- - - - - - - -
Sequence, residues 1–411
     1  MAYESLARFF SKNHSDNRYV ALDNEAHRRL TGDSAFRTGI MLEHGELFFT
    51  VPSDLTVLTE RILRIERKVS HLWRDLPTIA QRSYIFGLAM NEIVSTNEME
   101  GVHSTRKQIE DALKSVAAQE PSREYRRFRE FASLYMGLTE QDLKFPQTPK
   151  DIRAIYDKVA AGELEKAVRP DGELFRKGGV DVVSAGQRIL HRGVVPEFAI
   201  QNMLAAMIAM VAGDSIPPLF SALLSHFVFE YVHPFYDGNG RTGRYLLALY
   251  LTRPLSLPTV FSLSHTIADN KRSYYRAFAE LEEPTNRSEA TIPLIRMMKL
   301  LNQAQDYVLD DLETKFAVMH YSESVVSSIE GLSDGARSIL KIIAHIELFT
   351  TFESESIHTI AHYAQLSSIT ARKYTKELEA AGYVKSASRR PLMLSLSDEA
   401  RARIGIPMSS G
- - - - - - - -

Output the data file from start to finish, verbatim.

Sequence, residues 1–411
     1  MAYESLARFF SKNHSDNRYV ALDNEAHRRL TGDSAFRTGI MLEHGELFFT
    51  VPSDLTVLTE RILRIERKVS HLWRDLPTIA QRSYIFGLAM NEIVSTNEME
   101  GVHSTRKQIE DALKSVAAQE PSREYRRFRE FASLYMGLTE QDLKFPQTPK
   151  DIRAIYDKVA AGELEKAVRP DGELFRKGGV DVVSAGQRIL HRGVVPEFAI
   201  QNMLAAMIAM VAGDSIPPLF SALLSHFVFE YVHPFYDGNG RTGRYLLALY
   251  LTRPLSLPTV FSLSHTIADN KRSYYRAFAE LEEPTNRSEA TIPLIRMMKL
   301  LNQAQDYVLD DLETKFAVMH YSESVVSSIE GLSDGARSIL KIIAHIELFT
   351  TFESESIHTI AHYAQLSSIT ARKYTKELEA AGYVKSASRR PLMLSLSDEA
   401  RARIGIPMSS G